Gatsby 2.0 Typescript Starter
Last updated 2 years ago by briangeb .
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Gatsby 2.0 Typescript Starter

Gatsby is a documented as a static site generator for react. However, the truth is that it is far more than that. With the help of GraphQL and an extensive library of extensions Gatsby can create dynamic content that is both fast and highly extensible. See their documentation found here for a more through explanation.


The goal of this starter like many others is to provide the ground work for new Gatsby projects. The primary focus for this particular starter is provide a feature rich environment that allows a user to hit the ground running while providing tools to help maintain a quality site and code base.


  • Markdown to markup processing by remark
  • React 16 & Redux
  • Semantic UI React component library
  • Storybook for building components in isolation
  • Testing/Linting supported by Jest, enzyme, eslint, tslint, etc
  • TypeScript support

Content Creation & Management

For content creation all our work will be contained in the data directory.


This starter supporters multiple authors at the same time. All authors must first be added to the array found in the file below.

├── author.json

Each Author should share a structure identical to the following.

    "id": "Full Name",
    "bio": "Short biography",
    "avatar": "avatars/testing.jpg",
    "twitter": "@handle",
    "github": "@handle"

The id field above should be the authors full name. This will later be used to tie the author to a given post. All avatar images can be found in data/avatars.

Blog Posts

Each blog post should be contained with in a directory that follows the pattern YYYY-MM-DD--the-title. In side this directory there should be the post and optionally the post image {gif, jpg, png}.

├── blog/
    ├── 2018-05-25--welcome-to-gatsby/
        ├── post-image.jpg

As for the post markdown itself. The meta data section should follow the below pattern.

title: Tile Name
createdDate: '2018-05-25'
updatedDate: '2018-05-25'
author: Brian Gebel
  - starter
  - gatsby
image: post-image.jpeg
draft: false

For the post part this structure should be self explanatory however, a few parts have special behaviour.

  1. author should be identical to the id referenced in data/author.json. This allows articles to be linked to a specific site author.
  2. image can either be an image placed with int he same directory or a remote image hosted else where.
  3. draft allows for a posts to be hidden from the public.


This project uses yarn instead of npm. As a result it is required that we first get that setup. Please see their documentation for more information.

Once yarn is installed and node >=8 is confirmed run:

yarn install


Extending the starter is really no different that developing any other react application. However for advanced features it is recommended that you read both the Gatsby and GraphQL documentation.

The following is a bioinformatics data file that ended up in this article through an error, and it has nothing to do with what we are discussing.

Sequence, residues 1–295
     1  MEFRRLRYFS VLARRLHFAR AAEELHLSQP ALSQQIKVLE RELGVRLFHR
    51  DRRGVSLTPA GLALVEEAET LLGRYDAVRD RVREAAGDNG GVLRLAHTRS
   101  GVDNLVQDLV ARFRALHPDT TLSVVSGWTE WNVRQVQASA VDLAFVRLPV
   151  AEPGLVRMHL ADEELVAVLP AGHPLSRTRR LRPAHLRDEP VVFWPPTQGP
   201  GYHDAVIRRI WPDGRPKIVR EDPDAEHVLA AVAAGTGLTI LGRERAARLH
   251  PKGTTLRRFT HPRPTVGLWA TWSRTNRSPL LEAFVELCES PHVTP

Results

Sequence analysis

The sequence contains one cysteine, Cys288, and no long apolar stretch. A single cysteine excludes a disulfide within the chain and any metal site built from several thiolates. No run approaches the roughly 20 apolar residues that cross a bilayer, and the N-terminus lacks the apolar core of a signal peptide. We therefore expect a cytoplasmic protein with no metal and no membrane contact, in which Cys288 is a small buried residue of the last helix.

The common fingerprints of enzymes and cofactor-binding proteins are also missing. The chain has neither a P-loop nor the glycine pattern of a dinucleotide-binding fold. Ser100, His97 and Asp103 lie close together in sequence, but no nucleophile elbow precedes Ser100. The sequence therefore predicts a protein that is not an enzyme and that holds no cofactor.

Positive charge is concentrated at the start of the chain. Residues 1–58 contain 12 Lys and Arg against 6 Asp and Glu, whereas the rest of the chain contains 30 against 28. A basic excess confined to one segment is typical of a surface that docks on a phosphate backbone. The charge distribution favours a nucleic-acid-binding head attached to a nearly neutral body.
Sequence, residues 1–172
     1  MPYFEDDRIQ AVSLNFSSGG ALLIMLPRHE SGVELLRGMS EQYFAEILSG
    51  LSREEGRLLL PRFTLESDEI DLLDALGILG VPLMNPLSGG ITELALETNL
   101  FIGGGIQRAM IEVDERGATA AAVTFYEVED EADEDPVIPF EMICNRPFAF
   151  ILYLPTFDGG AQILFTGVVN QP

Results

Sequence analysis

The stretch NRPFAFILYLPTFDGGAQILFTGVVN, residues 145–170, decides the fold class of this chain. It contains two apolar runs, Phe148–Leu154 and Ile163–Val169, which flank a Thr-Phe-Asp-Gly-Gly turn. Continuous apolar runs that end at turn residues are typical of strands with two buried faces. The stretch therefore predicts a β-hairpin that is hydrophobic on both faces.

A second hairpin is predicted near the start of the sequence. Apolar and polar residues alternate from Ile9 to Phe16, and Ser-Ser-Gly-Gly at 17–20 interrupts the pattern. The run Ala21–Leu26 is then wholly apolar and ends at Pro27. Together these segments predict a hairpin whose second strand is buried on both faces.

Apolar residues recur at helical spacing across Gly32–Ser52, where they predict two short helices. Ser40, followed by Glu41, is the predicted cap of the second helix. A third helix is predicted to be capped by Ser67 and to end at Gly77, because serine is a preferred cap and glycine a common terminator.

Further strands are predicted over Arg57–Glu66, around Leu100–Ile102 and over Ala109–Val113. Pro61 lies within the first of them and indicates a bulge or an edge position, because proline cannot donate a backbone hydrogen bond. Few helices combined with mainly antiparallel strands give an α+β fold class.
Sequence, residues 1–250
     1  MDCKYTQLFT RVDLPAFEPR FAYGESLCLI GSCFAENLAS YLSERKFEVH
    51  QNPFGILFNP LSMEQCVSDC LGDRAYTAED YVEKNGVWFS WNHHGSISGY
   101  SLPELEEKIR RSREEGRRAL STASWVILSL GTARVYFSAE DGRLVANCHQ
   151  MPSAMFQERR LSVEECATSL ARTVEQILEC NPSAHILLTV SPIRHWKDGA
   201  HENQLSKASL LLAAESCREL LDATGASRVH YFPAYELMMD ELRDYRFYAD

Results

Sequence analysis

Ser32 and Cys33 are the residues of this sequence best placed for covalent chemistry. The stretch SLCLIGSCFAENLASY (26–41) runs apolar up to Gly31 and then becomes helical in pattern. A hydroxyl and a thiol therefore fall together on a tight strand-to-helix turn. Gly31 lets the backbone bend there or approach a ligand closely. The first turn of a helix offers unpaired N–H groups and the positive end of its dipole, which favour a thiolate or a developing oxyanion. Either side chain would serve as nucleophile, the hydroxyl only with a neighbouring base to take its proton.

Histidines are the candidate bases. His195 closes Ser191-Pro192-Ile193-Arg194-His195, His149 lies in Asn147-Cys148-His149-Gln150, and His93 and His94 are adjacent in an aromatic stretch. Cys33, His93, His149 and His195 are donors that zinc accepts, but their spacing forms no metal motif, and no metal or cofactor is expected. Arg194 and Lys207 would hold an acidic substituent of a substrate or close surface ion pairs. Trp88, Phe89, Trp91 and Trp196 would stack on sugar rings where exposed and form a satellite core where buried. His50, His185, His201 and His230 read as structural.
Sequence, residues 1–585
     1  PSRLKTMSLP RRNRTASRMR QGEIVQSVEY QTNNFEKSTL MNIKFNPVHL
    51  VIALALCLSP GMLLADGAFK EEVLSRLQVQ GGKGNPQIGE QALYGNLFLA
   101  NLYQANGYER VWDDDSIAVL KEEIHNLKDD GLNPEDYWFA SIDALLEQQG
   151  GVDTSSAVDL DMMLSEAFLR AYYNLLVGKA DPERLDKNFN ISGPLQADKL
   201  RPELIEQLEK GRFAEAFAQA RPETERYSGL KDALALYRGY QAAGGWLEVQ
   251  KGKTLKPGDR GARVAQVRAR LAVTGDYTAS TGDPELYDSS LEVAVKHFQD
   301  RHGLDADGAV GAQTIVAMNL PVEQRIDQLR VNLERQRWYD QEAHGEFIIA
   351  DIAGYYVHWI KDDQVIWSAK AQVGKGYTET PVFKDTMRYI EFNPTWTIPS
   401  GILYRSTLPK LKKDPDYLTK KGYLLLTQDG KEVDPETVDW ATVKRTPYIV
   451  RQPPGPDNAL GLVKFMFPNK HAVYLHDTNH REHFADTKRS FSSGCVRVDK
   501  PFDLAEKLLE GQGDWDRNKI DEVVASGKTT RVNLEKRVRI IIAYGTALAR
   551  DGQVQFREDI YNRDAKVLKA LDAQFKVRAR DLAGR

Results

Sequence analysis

Getting started

Often times we are interested in developing small react components in isolation prior to introducing them into the greater project. To accomplish this we use storybook to mount our components.

yarn storybook

For integration we can run a local dev server provided by gatsby.

yarn start

This should also provide a web interface to created/edit GraphQL queries.


During and after development we can verify that our changes won't break our build by running our test suite.

yarn test

Of course we can also have this run while we make changes.

yarn start:watch

Code Quality

To ensure code quality we can manually run our suite of linters to verify everything is kosher.

yarn lint

Individual linters can be targeted with the one of the following modifiers:

  1. ts - Runs across all TypeScript code
  2. md - Verifies all markdown matches specified patterns.
  3. js - Checks JavaScript meets specific standards
  4. js - Checks CSS meets specific standards
  5. js - Checks SCSS meets specific standards

Building & Publishing

Once we are ready to publish we can generate our build. It is first recommended that we delete all previous build files and then build our new site.

yarn clean && yarn build

Then of course once complete we can commit our changes. This should then kick off a small test suite that will verify our changes are ready to be committed.

Verifying Build

To verify the build locally it is recommended that docker and docker-compose are setup. This will allow us to spin up a simple nginx server to serve up our content in a way similar to how most webservers will handle it.

First in the root directory of this starter run the following cmd to build our container.

docker-compose build

Once complete you can launch this container by running.

docker-compose up

This will then serve up the site at http://localhost:8080.

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